Step away from the pimple.
Believe me, I know all too well how tempting it is to pop a pimple, relieving your skin of that gross white or black head darting across your skin.
But there’s a very good reason why you should have patience and wait for the zit to back off on its own: popping could make everything a whole lot worse.
How we get zits
According to the National Institutes of Health, acne is the most common skin disease out there. Chances are you’ve likely encountered an annoying blemish at one point in your life or another.
We still don’t know much about what causes acne, but some factors according to the NIH include hormonal changes that happen in your teenage years, your family history with acne, and some medications.
There’s more than one kind of pimple. The most common are black and whiteheads, but others include papules (small pink bumps), pustules (red on bottom, white on top), nodules (large, painful, solid ones that are deep in the skin), and of course, the most foreboding cysts (these are the deep, painful, pus-filled ones that can cause scarring).
Pimples form under the skin where hair follicles and oil glands called sebaceous glands meet up. The sebaceous glands secrete oil for your skin and hair to keep it lubricated and waterproofed.
But sometimes, skin cells and bacteria can get inside. This clogs up the pores so there’s nowhere for that oil to go.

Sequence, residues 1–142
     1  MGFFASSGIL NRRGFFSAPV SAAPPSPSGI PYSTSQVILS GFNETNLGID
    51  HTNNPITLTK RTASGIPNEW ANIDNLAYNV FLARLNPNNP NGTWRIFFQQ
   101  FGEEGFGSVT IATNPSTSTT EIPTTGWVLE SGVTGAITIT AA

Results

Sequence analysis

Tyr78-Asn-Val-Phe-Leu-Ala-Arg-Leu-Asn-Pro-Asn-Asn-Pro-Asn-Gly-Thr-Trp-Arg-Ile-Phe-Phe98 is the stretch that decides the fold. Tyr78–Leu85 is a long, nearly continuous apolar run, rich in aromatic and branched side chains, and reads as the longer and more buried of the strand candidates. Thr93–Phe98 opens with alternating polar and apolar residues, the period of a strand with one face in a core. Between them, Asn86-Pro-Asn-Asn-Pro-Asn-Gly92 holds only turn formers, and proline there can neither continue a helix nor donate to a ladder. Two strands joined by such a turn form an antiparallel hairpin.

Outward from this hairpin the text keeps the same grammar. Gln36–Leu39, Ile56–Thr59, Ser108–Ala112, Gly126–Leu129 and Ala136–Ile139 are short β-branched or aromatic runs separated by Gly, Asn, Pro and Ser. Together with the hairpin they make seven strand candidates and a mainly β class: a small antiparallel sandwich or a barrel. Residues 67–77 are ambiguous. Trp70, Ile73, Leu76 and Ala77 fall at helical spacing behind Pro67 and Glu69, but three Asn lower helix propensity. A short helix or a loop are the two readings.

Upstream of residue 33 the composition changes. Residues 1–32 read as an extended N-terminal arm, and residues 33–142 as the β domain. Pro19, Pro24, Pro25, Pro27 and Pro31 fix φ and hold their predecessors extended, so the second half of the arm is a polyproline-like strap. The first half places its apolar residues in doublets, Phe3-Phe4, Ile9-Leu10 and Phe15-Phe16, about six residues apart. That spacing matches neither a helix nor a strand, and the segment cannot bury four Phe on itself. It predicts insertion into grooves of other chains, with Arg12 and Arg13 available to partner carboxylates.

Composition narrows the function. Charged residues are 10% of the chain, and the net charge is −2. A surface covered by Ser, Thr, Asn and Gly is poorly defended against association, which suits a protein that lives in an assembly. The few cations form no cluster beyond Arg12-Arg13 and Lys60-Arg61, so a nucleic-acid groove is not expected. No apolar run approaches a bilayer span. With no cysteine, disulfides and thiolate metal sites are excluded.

That’s when you get some backup. Because the oil has nowhere to go, it expands out, pressing against the skin and causing pain and inflammation.
Why you should fight the urge to pop
While this may seem irreversible and the time to start squeezing, dermatologist Michelle Rodgers explains in The Conversation that you’ll only make matters worse.
“Squeezing it can result in these contents being pushed into surrounding skin, making the problem worse,” she wrote. “It can also lead to infection and temporary darkening of the skin in that area.”
Plus, the inflammation can get so bad at times that it leads to scarring. If you let well enough alone, the offending zit should calm down in about a week, or pop on its own time (yikes).
However, this just applies for your average, run-of-the-mill zits. If you’re experiencing anything severe, it’s worth checking in with a dermatologist, who can help figure out the best way to treat it.
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